Turtle Beach has announced that it had built its first transparent directional speakers featuring its HyperSound technology. The company demonstrated an early prototype of the speaker set publicly at the E3 trade show, but does not reveal when it expects the new tech to be commercialized.

Turtle Beach’s HyperSound Glass is comprised of multiple layers of thin transparent films, which can generate a narrow beam of ultrasound (high frequency sound) that delivers audio to a targeted listener (by the time it reaches the targeted spot, ultrasound becomes normal sound) and does not disturb others. Since the speakers produce ultrasound, the audio is inaudible in a very short distance from the speakers and is also claimed to be imperceptible in locations outside of the targeted area. To generate that beam, Turtle Beach uses the HyperSound software technology, which the company already commercializes, but not with glass. According to Turtle Beach, the sound generated by its films maintains clarity over longer distances than traditional loudspeakers (which may well be correct given the size of the “driver”), but the company does not reveal technical specifications of its devices, such as frequency response or wattage.

As pointed out above, the HyperSound tech is not something completely new. At present, Turtle Beach offers its HyperSound Clear 500P speaker system for those with hearing problems and their families. The HyperSound Clear 500P do not feature transparent speakers, but can beam loud audio to a specific spot, whereas those around will hear normal volume audio. The product does not use glass/films, but a special metallic grill to produce ultrasound.

Turtle Beach claims that the HyperSound Glass could be integrated into various monitors, desktop speakers, and automotive dashboard glass to deliver sounds to specific listeners. Turtle Beach does not plan to build products based on the HyperSound technology exclusively itself, but can license it to others.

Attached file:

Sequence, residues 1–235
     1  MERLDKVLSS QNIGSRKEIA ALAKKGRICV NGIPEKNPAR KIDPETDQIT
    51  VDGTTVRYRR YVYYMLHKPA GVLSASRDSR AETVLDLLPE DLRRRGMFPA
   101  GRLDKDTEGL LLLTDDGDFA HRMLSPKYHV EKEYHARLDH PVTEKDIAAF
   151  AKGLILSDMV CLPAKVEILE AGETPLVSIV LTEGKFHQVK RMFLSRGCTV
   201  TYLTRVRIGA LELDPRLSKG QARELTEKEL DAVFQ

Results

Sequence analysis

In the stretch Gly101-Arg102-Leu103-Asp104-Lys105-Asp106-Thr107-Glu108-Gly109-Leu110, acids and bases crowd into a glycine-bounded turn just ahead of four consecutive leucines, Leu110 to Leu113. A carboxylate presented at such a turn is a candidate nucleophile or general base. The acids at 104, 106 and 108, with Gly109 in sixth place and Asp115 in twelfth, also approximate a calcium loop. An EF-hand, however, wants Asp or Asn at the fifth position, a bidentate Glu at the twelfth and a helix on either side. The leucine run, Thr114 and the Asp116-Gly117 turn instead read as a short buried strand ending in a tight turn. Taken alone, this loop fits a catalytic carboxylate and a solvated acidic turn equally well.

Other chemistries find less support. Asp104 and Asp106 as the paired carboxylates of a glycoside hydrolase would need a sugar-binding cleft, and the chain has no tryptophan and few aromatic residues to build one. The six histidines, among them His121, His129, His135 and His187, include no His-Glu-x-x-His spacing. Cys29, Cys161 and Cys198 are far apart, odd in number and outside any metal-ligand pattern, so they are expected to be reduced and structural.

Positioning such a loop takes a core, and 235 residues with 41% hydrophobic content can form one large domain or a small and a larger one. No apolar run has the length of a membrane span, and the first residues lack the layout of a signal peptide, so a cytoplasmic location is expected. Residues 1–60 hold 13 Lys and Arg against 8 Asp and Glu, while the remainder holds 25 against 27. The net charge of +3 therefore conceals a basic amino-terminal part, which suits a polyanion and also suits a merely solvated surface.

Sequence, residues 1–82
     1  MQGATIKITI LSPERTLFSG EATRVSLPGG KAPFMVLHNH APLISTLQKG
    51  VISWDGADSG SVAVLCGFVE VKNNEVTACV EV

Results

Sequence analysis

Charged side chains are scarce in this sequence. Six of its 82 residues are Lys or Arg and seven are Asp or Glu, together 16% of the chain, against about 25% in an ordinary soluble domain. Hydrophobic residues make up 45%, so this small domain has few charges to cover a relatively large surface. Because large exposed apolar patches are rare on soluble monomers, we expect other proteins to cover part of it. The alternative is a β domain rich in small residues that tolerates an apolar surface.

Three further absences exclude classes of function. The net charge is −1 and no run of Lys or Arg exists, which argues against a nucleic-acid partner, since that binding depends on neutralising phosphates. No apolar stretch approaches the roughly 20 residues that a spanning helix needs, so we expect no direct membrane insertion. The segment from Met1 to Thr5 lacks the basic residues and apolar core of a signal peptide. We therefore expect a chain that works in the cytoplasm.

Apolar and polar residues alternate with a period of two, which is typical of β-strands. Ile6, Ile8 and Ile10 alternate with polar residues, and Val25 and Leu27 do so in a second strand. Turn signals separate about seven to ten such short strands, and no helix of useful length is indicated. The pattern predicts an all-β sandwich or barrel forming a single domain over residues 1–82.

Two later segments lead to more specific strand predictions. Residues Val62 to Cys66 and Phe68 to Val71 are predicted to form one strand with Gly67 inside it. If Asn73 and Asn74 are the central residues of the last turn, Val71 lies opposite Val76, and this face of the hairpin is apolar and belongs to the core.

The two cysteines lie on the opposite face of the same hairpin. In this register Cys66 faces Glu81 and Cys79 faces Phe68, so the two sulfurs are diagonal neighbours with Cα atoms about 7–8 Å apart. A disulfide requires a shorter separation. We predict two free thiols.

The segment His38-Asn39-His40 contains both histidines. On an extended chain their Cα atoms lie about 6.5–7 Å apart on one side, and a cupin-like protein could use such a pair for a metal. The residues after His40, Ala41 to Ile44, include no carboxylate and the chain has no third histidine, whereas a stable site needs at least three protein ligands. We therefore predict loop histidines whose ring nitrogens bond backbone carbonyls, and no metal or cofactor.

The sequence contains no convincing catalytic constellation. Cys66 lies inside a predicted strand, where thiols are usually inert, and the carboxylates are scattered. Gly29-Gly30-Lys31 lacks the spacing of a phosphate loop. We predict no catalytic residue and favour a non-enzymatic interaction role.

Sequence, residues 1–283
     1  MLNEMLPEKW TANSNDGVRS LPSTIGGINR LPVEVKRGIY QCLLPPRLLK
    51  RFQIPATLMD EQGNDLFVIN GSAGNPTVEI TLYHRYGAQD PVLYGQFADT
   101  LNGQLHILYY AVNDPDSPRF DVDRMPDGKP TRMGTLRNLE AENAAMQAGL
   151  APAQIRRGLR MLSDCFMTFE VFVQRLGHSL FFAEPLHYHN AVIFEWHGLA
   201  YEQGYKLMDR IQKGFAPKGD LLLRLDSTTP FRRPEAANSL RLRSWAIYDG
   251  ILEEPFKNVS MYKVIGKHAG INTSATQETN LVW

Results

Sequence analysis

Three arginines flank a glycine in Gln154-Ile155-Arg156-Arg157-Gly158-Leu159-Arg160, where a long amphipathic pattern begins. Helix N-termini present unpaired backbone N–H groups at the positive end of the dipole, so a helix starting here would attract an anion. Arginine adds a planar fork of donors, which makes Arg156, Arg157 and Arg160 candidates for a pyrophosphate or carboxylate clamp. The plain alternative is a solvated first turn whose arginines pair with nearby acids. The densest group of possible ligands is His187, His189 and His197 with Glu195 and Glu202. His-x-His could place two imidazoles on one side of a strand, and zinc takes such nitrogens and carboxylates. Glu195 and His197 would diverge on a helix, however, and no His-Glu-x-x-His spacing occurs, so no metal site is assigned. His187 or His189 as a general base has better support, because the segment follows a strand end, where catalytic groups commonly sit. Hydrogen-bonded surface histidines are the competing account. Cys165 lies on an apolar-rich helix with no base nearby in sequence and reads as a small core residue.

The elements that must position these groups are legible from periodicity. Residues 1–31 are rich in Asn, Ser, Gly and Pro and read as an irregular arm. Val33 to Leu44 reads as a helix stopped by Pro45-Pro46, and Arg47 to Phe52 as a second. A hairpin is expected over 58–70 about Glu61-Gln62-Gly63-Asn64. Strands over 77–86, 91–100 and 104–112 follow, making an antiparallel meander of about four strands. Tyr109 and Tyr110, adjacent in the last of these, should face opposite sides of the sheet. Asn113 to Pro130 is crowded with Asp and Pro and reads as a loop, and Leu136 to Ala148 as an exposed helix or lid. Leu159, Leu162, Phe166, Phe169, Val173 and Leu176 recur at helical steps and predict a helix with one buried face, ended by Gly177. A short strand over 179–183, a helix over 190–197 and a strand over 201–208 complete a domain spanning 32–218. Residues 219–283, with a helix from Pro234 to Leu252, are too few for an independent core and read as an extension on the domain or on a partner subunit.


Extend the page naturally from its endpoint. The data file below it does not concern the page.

The HyperSound Glass technology is still work in progress and we have no idea when this tech could be commercialized. Nonetheless, since Turtle Beach showed off prototypes at E3, it is highly likely that the technology is nearly ready.

Source: Turtle Beach

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  • woggs - Wednesday, June 29, 2016 - link

    It's surprisingly difficult to find any details of the physics involved. The only thing I can find is the ted talk which hints at it using very high frequency sound at very high volumes to make use of non-linear but predictable properties of air. I have no clue what that really means. The means by which "ultrasound becomes normal sound" is not described anywhere that I can find. Reply
  • webdoctors - Tuesday, June 28, 2016 - link

    This is huge. Its like Crystal Pepsi huge! Definitely gonna change the world. NOT! Reply
  • JoeyJoJo123 - Wednesday, June 29, 2016 - link

    +1 Reply
  • bug77 - Wednesday, June 29, 2016 - link

    And again no mention of fidelity or dynamic range. Reply
  • Murloc - Sunday, July 3, 2016 - link

    because anyone who cares about this stuff is going to buy traditional speakers. Reply
  • russki - Wednesday, June 29, 2016 - link

    I guarantee these will sound like absolute garbage. Reply
  • BurntMyBacon - Wednesday, June 29, 2016 - link

    Why is it that every time I see something new in the HyperSound realm, I immediately get premonitions of loud (think infomercial), targeted ADs assaulting me individually from store fronts as I walk down the commercial district of any major city? Reply
  • fanofanand - Wednesday, June 29, 2016 - link

    I had not even considered that, but the thought sends a shiver through my bones...... Reply
  • Murloc - Sunday, July 3, 2016 - link

    I bet that's illegal in many countries due to noise ordnances, would probably be banned quickly where it's not illegal. Reply
  • FunBunny2 - Wednesday, June 29, 2016 - link

    been around for ages, here: https://en.wikipedia.org/wiki/Sound_from_ultrasoun...

    "F. Joseph Pompei of MIT developed technology he calls the "Audio Spotlight",[6] and made it commercially available in 2000 by his company Holosonics, which according to their website claims to have sold "thousands" of their "Audio Spotlight" systems. Disney was amongst the first major corporations to adopt it for use at the Epcot Center, and many other application examples are shown on the Holosonics website."
    Reply

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